Pressure from conservatives is mounting for Gov. Greg Abbott to call a special legislative session and address sanctuary cities.
The term sanctuary cities typically describes local governments that forbid police from asking about a person’s immigration status.
Supporters of banning sanctuary cities say the policies to turn a blind eye to illegal immigration endangers residents and prevents law enforcement from doing its job. Opponents believe a change of policy would lead to an increase in racial profiling and drain law enforcement resources.
Last week Abbott issued a strongly worded letter to Dallas County Sheriff Lupe Valdez, instructing her to reverse her policy of refusing automatic detention of all criminal immigrants in conjunction with the U.S. Immigration & Customs Enforcement’s federal detainer program, which is designed to prevent dangerous criminals from being released into communities.
Abbott maintained he’s committed to ensuring Texas cities enforce the rule of law when it comes to illegal immigrants. But he said it would take time and an even more conservative Texas Legislature.
“It came up during the session, and it didn’t have enough votes to pass during the session,” he said at a Bastrop fundraiser Tuesday night. “There are going to be several open seats during the course of the election cycle, and we need to put people into office who will support my plan to ensure we end sanctuary cities in Texas.”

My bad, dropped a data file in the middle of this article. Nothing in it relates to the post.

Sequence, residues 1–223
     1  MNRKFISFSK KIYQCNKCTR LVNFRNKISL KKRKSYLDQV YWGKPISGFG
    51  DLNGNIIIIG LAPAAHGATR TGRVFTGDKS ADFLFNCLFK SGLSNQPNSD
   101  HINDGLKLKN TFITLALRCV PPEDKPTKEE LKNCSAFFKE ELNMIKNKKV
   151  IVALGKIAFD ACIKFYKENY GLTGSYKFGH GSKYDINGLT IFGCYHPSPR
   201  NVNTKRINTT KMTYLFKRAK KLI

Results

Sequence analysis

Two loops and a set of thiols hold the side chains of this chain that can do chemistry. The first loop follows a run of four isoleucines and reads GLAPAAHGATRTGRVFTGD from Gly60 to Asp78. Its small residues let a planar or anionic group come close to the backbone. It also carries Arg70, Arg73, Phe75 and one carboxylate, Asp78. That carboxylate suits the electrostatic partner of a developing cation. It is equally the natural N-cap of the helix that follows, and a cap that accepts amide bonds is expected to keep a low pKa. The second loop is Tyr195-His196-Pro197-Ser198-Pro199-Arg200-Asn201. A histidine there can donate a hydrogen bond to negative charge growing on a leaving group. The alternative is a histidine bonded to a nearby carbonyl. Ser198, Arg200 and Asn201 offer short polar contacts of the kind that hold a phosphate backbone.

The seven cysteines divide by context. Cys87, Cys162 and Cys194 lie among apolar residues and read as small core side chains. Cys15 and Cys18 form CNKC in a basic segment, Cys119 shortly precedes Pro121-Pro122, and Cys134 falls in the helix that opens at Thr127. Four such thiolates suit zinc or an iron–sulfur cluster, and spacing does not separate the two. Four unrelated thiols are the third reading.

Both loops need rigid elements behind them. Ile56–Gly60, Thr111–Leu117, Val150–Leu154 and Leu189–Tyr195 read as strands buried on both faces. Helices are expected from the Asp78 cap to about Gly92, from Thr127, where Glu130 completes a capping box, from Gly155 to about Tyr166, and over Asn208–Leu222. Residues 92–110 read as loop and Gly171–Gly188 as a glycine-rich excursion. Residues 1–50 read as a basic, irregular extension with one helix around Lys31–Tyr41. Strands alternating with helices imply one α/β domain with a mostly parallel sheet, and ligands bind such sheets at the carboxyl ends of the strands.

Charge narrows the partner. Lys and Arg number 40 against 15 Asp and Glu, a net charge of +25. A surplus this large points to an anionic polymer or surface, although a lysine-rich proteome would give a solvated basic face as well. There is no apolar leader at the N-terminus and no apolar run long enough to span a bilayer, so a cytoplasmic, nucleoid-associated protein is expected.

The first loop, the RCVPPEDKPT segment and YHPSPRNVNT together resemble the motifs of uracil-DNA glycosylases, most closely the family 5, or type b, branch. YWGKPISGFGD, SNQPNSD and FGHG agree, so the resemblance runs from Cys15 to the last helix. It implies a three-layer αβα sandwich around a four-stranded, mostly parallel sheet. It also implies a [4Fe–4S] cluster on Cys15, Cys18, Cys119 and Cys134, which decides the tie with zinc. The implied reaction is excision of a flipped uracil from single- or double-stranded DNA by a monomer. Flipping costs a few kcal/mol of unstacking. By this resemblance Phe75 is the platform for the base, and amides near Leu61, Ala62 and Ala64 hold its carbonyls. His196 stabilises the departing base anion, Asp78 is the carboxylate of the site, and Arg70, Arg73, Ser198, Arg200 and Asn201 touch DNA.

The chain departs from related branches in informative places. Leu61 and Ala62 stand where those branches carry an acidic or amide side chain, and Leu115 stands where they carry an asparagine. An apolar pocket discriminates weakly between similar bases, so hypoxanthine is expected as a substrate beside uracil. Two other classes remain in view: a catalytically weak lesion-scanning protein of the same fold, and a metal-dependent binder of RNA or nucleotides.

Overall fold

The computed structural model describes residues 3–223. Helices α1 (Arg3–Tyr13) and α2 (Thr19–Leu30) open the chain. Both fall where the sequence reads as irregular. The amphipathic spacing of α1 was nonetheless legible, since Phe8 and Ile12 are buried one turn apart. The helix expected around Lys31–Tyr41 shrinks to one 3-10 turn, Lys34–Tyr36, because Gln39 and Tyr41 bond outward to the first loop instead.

The Texas House approved legislation that would have prohibited cities from ignoring laws and cut state funding for violations during the most recent session. But the bill failed in the Senate by one vote.
Political analyst Harvey Kronberg said pressure directed at Abbott has ratcheted up during the past few weeks. Kronberg said illegal immigration and border security continue to be the top priority among GOP base voters in polls.
While Texas U.S. Sen. Ted Cruz and Lt. Gov. Dan Patrick have made illegal immigration and ending sanctuary cities centerpieces of their respective agendas, Abbott chose other hot policy topics, such as state Planned Parenthood funding.
On Tuesday, Lt. Gov. Dan Patrick, the president of the Texas Senate, released a statement applauding Abbott’s letter and alluded to there being enough votes now to pass legislation.
“As I stated on Aug. 5, I now believe the Senate has the votes to pass a prohibition on sanctuary cities, and we will pass this legislation out of the Texas Senate as soon as possible,” he said.
Patrick added he would ask Abbott to add sanctuary cities as an emergency item during the next session.
Conservatives championing illegal immigration reacted in turn with calls for a special session.
“There is clearly a concerted effort to make Abbott look weak (on illegal immigration),” Kronberg said. “Business and law enforcement don’t want the Legislature to address (sanctuary cities), but primary voters do and adversaries sense weakness.”
The timing and tenor of Abbott’s posturing on sanctuary cities raised conservative eyebrows.
JoAnn Fleming, executive director of Grassroots America – We the People, said Abbott is playing a political game with Texans’ safety. She said Abbott is talking tough but not acting.
“We’re not talking about toll roads,” she said. “This is a matter of public safety and national security. It’s not a political football.”